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Protests spark new hope for criminal justice reform

A handful of Florida lawmakers have been pushing for criminal justice reform for years in the state Legislature, but their bills seldom make it far in the process. (MGN)
A handful of Florida lawmakers have been pushing for criminal justice reform for years in the state Legislature, but their bills seldom make it far in the process. (MGN)(WJHG)
Published: Jun. 8, 2020 at 10:47 PM CDT
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A handful of Florida lawmakers have been pushing for criminal justice reform for years in the state Legislature, but their bills seldom make it far in the process.

However, the immense protests across the state and nation over the death of George Floyd have reformers hopeful the 2021 Legislative Session will be different.

Mass protests for more than a week straight across the state and country has put a spotlight on the public's frustration with the criminal justice system.

“I'm hoping that my counterparts across the isle really get the message,” said State Representative Dianne Hart.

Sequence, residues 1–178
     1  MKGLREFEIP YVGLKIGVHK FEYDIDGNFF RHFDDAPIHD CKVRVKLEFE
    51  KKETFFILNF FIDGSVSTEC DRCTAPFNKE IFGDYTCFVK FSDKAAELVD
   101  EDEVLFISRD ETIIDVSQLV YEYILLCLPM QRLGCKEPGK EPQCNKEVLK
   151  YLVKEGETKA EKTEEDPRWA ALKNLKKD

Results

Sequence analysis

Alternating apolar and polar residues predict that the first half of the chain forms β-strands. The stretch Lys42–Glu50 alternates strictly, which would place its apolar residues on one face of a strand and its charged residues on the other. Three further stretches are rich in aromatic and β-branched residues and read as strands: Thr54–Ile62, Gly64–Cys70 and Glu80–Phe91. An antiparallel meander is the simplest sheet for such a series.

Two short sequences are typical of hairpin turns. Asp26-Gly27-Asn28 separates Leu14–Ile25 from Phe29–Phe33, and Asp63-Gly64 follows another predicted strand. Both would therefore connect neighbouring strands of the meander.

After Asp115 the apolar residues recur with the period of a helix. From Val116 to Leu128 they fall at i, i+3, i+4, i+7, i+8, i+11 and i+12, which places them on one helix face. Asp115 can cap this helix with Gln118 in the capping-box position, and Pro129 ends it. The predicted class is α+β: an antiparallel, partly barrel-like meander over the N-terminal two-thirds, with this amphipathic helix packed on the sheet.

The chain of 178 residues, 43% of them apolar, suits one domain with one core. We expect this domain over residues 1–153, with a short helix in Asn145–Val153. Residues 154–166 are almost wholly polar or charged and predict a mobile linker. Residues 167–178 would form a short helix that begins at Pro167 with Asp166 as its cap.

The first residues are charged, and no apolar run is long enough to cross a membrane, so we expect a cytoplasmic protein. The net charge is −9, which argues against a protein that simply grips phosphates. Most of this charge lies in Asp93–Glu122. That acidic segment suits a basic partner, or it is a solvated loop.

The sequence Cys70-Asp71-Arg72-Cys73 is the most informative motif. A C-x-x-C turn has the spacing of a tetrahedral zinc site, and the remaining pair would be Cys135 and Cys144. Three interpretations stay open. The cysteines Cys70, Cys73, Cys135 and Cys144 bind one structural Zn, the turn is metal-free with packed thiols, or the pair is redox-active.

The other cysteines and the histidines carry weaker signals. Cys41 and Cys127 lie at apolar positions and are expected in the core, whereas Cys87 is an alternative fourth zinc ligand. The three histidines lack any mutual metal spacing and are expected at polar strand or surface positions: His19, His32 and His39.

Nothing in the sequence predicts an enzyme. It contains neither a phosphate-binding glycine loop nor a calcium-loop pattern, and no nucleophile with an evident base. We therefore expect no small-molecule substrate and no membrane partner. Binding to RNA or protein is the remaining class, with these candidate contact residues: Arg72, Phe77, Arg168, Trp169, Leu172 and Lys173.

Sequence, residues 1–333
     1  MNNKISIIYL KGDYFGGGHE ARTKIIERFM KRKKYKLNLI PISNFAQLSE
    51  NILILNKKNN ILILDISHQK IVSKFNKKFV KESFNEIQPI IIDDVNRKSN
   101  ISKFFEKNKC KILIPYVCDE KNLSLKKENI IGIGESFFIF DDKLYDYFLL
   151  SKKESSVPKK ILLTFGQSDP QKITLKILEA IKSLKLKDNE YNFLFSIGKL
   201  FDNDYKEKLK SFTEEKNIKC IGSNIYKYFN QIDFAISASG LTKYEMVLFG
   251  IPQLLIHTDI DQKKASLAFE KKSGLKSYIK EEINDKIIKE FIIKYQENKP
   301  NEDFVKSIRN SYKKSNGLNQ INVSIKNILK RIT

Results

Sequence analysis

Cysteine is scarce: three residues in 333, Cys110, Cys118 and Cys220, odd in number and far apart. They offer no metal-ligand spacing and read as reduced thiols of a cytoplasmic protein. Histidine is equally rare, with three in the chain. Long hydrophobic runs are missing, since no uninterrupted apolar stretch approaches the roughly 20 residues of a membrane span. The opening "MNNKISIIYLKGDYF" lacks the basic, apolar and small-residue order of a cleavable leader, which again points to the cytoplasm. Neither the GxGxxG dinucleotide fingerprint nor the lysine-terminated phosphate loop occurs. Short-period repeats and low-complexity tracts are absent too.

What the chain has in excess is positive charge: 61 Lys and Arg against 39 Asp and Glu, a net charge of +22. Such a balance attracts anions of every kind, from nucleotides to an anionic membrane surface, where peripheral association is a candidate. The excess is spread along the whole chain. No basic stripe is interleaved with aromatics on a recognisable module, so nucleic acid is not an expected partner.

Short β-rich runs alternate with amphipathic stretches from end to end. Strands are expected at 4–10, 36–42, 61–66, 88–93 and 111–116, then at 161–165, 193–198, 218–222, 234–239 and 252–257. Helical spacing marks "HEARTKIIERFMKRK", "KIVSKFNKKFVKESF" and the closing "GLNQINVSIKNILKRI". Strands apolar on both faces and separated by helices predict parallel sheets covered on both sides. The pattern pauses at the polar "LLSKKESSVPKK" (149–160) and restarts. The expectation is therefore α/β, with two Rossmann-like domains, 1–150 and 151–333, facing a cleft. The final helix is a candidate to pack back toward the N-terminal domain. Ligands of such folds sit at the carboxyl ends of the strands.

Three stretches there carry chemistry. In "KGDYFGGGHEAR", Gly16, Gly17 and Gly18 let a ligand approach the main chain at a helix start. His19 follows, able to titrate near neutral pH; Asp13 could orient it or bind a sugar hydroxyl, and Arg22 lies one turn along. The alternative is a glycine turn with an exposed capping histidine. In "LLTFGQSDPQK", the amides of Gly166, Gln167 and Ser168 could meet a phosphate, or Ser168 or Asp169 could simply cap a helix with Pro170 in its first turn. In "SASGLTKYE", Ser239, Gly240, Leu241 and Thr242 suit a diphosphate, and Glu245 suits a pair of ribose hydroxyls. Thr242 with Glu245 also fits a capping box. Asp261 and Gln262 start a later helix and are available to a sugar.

Hart and the Florida Black Caucus have put together seven pieces of legislation aimed at greater accountability and punishment for bad actors in the justice system.

“At a time like this, everybody should be held accountable,” said Hart.

State Senator Jeff Brandes has spent years pushing for reforms.

“It's not just law enforcement, it's the court system itself, and then it's obviously the prison system,” said Brandes.

He hopes the Legislature can allocate more dollars to officer training.

“But in order to free up resources to do that we need to look at the broader criminal justice system, including the prison system, and figuring out what's going to give us the best results,” said Brandes.

Heavy opposition from law enforcement and prosecutors have largely quashed even modest attempts at reform in years past.

It’s not yet clear what reforms they may be willing to stomach in light of the protests.

But Representative Byron Donalds believes many of the reforms need to be tackled at the local level.

"The actual policies and protocols that they use are part of their training, and that's stuff that the Legislature doesn't typically write,” said Donalds.

The incoming House and Senate leadership haven’t spoken to reforms directly.

Instead, their social media accounts have largely focused on their displeasure with rioting that has occurred.

Shy of a special session, which one state senator has called for, lawmakers won’t be back in the Capitol until November.

In the meantime, lawmakers we spoke with are urging citizens to call their elected officials and advocate for criminal justice reform.

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